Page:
A judge in Tallahassee has dismissed Medicaid fraud charges against a former owner of PlayBig Therapy, finding that the case hinged on alleged violations of state agency rules, not criminal statutes.
Rachel Lynn Scharlepp was arrested last year on charges of racketeering and Medicaid fraud in a case investigated by the Florida Attorney General's Office. But Leon Circuit Judge Martin Fitzpatrick on Friday sided with lawyers for Scharlepp and tossed out all the charges.
State investigators alleged Scharlepp hired employees who didn’t meet criteria to provide targeted case management and that children who received the services weren’t qualified to get them. The Attorney General's Office said Scharlepp billed Medicaid $104,538 for the services and that PlayBig was reimbursed for just over $88,000.
The state contended Scharlepp violated rules contained in the Agency for Health Care Administration’s handbook for targeted case management coverage and limitations. But Fitzpatrick found that statutes don't specify which services are authorized for Medicaid reimbursement or set qualifications for employees who provide services.
Fitzpatrick wrote that AHCA is free to adopt Medicaid program requirements and enforce them through the administrative process. But, he said in the ruling, the agency “may not criminalize behavior and subject persons to criminal penalties based on mere violations of administrative rules.”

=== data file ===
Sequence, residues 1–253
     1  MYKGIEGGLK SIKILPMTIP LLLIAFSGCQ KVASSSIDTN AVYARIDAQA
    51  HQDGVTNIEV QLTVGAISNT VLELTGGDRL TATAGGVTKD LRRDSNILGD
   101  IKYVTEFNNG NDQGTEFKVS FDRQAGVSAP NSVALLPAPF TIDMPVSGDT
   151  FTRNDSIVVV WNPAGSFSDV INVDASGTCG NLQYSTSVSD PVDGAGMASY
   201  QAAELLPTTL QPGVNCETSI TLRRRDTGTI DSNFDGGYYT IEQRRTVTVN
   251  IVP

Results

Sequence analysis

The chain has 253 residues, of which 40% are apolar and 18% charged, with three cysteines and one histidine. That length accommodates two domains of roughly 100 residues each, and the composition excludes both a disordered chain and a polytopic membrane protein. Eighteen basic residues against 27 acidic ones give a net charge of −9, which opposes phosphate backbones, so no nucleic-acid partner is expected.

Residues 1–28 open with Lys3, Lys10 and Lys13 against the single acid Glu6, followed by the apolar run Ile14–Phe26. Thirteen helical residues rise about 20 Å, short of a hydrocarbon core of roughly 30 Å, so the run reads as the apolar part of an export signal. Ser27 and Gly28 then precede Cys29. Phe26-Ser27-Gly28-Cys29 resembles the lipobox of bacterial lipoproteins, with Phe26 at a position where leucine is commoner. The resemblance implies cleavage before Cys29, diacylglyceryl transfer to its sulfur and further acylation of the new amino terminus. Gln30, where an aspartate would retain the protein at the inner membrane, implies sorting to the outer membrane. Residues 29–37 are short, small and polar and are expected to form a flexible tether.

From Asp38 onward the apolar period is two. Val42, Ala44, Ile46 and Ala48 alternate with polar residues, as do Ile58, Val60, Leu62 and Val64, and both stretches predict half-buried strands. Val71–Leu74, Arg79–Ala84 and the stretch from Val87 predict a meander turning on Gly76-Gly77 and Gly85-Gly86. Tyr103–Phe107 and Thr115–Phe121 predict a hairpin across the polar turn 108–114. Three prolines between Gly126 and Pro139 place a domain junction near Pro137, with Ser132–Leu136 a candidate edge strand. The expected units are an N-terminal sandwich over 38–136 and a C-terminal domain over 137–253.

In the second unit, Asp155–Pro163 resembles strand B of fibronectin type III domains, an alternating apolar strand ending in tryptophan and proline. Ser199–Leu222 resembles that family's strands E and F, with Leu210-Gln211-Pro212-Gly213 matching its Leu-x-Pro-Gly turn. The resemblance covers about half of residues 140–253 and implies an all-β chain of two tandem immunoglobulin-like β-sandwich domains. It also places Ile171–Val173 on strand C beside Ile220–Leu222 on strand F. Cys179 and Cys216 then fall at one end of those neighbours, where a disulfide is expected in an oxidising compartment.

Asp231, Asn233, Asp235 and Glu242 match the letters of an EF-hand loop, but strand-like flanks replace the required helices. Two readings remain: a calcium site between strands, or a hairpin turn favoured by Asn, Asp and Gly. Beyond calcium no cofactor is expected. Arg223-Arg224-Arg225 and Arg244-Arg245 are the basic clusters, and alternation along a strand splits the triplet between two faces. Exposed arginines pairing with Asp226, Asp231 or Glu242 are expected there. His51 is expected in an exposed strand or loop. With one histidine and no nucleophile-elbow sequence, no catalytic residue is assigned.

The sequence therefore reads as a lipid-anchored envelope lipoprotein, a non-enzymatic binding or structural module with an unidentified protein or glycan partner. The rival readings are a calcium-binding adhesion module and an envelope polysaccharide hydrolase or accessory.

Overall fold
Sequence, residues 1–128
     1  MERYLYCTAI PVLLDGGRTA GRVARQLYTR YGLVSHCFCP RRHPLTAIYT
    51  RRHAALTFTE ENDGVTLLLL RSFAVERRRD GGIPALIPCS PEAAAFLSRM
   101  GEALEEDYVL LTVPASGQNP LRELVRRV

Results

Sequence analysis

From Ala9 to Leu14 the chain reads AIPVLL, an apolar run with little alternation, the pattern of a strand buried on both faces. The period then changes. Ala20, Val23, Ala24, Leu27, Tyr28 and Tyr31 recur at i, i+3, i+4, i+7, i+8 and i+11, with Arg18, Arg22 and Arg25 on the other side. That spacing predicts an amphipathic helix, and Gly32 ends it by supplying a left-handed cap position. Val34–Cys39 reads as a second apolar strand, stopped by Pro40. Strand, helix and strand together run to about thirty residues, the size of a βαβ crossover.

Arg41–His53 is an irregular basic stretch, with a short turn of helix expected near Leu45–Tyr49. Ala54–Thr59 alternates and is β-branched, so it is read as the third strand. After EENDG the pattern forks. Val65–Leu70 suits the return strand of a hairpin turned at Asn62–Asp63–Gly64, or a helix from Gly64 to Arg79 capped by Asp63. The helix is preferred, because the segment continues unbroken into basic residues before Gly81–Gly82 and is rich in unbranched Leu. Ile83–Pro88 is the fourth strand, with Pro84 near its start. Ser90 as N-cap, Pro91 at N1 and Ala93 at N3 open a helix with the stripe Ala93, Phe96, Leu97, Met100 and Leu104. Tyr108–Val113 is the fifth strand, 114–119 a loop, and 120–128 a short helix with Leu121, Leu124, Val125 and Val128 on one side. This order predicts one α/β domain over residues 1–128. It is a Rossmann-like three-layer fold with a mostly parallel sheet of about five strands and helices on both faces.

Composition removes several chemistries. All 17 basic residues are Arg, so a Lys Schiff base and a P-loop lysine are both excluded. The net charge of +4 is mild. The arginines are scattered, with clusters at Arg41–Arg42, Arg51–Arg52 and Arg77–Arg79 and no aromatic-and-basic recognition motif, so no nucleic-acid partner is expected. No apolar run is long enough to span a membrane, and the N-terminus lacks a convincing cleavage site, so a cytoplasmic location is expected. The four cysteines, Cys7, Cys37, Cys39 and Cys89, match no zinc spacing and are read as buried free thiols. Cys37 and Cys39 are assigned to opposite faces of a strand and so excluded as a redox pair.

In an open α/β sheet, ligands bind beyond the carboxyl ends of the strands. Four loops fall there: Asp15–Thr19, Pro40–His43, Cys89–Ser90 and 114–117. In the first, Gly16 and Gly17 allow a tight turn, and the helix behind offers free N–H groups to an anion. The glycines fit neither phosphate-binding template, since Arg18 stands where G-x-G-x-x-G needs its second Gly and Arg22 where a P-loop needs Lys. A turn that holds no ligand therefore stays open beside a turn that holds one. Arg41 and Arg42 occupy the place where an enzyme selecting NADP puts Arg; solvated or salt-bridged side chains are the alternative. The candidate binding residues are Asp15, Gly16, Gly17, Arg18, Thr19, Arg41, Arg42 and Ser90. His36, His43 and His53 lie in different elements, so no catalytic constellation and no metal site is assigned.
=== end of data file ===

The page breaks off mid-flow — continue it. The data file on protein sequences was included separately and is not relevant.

“Any criminal prosecution must be based on the language of a statute adopted by the Legislature,” he wrote. “Anything less than that would allow unelected bureaucrats from an administrative agency to adopt rules which would subject citizens of this state to criminal prosecutions for behaviors that are clearly not prohibited by an appropriately adopted criminal statute. Florida’s Constitution simply does not allow this behavior.”
PlayBig, located on West Shannon Lakes Drive, uses play therapy to help children with autism and other developmental issues.
Scharlepp was represented by Tallahassee attorneys Tom Findley and Bill Dillon.
“We are very happy that the court agreed that Ms Scharlepp committed no crime,” Findley said.
With the legal case decided, Kelley Hutto, owner and founder of PlayBig, said she hopes to bring back targeted case management as soon as possible.
“Our families were put at heightened risk without these needed supports,” she said.
Contact Jeff Burlew at firstname.lastname@example.org or follow @JeffBurlew on Twitter.